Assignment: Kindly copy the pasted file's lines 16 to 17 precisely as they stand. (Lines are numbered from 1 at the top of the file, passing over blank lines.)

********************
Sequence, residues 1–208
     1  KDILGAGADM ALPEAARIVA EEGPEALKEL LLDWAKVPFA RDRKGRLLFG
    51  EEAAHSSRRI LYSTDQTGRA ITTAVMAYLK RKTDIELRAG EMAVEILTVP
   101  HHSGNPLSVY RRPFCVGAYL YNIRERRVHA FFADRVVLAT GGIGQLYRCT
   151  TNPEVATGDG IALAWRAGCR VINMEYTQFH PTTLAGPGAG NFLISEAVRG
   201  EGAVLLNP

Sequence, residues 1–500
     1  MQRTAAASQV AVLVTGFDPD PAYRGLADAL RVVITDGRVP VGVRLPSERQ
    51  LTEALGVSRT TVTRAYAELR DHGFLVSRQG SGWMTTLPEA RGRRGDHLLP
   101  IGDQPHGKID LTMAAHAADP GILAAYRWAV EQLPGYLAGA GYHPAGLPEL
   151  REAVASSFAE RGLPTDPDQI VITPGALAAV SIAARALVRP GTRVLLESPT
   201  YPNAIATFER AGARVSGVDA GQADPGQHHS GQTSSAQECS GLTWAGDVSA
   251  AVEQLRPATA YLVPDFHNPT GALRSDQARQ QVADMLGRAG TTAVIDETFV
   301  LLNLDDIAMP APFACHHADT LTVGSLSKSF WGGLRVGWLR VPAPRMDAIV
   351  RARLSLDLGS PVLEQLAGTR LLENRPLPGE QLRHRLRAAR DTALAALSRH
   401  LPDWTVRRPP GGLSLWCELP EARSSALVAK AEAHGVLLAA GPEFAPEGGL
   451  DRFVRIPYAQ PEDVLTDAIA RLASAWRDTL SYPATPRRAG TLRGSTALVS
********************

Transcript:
   401  LPDWTVRRPP GGLSLWCELP EARSSALVAK AEAHGVLLAA GPEFAPEGGL
   451  DRFVRIPYAQ PEDVLTDAIA RLASAWRDTL SYPATPRRAG TLRGSTALVS